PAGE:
US lifts stem cell funding ban

Appeals court temporarily allows funding for research into human embryonic stem cells.

    In August a US district court judge ordered a temporary halt to federal funding of embryonic stem cell research, saying it involved the destruction of human embryos [Gallo/Getty]

    A US appeals court has granted a request to temporarily lift a judge's ban on federal funding of research involving human embryonic stem cells.

    The three-judge panel of the appeals court said in a brief order that it put on hold the judge's ban to give it sufficient opportunity to consider the merits of the US administration's emergency request for a stay.

    "Upon consideration of the emergency motion for stay pending appeal ... it is ordered that the district court's August 23, 2010 order be stayed pending further order of the court," the Washington DC federal appeals court said on Thursday.

    The appeals court ordered that briefs be filed by September 20 in the case. It then will decide whether the temporary stay should be extended or ended.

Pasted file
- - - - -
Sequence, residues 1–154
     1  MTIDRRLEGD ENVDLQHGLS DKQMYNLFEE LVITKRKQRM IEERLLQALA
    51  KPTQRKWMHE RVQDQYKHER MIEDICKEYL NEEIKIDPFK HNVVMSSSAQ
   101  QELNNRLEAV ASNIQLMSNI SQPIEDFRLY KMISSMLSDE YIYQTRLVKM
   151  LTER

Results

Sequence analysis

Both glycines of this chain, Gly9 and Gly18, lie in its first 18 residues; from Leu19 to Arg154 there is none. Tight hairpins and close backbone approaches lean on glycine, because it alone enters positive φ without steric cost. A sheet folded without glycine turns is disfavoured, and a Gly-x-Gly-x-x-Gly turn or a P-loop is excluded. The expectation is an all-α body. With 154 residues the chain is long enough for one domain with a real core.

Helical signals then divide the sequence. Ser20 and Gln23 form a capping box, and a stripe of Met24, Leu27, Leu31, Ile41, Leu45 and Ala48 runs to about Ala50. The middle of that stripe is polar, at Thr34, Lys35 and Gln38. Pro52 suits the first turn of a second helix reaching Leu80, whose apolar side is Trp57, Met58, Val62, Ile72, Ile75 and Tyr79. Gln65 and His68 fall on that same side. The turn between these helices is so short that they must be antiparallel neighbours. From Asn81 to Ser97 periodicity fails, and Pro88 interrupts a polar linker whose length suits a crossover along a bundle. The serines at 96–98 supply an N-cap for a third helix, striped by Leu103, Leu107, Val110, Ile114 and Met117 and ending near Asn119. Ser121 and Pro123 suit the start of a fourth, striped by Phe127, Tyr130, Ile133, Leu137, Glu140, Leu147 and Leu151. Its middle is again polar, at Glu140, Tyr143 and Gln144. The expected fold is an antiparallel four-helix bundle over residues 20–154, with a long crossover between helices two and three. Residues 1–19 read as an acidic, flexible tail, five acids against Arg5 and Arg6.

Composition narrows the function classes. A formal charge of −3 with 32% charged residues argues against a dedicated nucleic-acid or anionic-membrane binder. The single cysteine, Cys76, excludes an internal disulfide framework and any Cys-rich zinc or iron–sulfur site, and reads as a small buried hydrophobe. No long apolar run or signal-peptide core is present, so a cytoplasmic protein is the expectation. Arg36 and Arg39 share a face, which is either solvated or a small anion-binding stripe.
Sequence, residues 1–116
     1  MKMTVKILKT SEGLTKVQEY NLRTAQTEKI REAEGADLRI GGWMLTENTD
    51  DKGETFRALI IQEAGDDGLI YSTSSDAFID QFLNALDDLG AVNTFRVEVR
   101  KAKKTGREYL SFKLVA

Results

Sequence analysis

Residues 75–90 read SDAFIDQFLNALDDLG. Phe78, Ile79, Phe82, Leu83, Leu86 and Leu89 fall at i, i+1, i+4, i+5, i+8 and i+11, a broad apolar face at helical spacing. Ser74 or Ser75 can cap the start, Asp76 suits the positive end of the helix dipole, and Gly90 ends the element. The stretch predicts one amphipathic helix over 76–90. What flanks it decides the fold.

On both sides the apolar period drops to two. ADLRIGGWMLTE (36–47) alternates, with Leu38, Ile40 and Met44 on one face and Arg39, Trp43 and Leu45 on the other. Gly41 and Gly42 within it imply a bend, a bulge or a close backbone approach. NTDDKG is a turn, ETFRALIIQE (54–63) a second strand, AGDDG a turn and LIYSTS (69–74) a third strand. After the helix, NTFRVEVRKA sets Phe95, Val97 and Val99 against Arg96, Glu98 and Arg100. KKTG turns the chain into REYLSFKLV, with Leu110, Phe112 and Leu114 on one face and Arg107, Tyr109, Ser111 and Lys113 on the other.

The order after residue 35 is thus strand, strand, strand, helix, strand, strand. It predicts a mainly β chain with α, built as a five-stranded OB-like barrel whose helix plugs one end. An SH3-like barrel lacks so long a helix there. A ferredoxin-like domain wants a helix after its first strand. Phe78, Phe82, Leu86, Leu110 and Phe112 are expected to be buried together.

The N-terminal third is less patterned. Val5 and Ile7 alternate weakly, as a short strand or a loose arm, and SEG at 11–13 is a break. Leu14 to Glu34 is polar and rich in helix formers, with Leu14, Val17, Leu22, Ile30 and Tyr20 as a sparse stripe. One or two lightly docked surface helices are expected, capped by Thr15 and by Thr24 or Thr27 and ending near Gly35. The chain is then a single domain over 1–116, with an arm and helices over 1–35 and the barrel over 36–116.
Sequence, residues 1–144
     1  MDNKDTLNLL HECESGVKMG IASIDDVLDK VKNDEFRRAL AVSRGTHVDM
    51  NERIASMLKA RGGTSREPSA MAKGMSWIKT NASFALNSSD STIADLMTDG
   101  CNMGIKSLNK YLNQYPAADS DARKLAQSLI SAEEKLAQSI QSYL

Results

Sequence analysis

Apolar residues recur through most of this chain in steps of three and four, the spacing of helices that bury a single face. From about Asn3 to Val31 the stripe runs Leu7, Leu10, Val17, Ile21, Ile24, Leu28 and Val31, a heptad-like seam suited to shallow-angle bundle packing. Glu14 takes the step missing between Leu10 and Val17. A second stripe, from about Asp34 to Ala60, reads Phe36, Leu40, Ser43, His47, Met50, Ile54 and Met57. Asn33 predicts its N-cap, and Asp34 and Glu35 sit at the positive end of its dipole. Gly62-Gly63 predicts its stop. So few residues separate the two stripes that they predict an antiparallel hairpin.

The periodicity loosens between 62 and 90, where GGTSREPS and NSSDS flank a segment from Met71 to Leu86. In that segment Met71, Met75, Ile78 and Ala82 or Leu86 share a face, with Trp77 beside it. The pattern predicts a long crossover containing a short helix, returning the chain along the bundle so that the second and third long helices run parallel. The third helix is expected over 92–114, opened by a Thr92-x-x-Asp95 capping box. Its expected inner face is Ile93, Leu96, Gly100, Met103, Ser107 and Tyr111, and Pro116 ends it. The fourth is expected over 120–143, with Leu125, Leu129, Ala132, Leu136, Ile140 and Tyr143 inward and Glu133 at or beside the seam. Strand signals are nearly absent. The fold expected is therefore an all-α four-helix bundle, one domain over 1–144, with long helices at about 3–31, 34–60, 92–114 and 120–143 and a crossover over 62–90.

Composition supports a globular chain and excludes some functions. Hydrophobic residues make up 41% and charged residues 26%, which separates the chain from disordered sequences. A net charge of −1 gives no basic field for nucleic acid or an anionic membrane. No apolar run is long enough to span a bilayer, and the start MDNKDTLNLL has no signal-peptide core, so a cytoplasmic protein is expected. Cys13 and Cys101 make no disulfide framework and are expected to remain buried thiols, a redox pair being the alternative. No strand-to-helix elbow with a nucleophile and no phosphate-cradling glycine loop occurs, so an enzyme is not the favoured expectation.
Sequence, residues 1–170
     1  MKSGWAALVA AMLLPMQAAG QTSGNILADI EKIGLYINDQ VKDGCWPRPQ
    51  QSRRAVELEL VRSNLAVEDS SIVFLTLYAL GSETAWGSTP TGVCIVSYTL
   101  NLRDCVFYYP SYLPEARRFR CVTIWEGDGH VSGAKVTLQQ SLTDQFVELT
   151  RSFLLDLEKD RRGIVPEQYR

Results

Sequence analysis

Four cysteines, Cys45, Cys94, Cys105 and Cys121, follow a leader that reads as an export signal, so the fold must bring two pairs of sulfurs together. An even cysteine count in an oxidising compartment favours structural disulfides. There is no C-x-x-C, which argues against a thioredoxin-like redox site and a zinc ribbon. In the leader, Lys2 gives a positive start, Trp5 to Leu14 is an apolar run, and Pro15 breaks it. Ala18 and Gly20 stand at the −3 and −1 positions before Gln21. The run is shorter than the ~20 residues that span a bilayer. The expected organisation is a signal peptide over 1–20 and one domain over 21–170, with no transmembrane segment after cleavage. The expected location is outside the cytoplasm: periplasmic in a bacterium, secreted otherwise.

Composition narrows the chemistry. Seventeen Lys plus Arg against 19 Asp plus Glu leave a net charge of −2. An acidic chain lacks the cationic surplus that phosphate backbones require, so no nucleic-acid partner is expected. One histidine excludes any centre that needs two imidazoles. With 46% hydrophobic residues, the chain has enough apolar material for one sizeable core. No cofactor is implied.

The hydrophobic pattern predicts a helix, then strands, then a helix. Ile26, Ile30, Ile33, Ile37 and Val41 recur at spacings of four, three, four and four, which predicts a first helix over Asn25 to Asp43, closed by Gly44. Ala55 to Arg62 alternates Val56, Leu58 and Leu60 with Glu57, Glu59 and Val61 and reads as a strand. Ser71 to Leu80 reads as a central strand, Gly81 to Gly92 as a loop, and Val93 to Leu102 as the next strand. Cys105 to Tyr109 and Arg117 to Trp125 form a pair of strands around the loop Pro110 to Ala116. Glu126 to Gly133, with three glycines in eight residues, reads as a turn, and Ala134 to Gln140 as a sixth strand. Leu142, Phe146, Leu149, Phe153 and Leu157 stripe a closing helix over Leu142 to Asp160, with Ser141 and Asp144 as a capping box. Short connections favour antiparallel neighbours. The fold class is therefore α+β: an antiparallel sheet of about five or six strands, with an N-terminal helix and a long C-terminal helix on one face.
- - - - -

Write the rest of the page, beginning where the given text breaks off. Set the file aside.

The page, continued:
In August, Royce Lamberth, a US district court judge, ruled that the research violated US law because it involved destroying human embryos.

    His order was a setback for Barack Obama, the US president, who had tried to expand research in the hope that it would lead to new cures for diseases.

    Ban reversal

    The administration said in its emergency request to the appeals court that Lamberth's ruling was at odds with the intent of Congress when it wrote the law limiting federal funding of human embryonic stem cell research and that it would undercut ongoing medical research.

    In March 2009, Obama reversed the ban on federal funding for research on embryonic stem cells, a move praised by many who believe the field has huge potential for treating serious diseases, including Alzheimer's, Parkinson's and diabetes.

    The reversal came after Obama's predecessor, George Bush, banned federal funding for research on embryonic stem cells, which is opposed by religious conservatives on the basis that life begins at conception and the research involves the disposal of embryos.

    If Lamberth's ruling is upheld, only private money will be allowed to fund stem cell research. It could take several weeks for an appeals court to schedule a hearing, and then several months before it makes its decision.

    Both sides can then appeal the case to the US supreme court.

    SOURCE: Agencies


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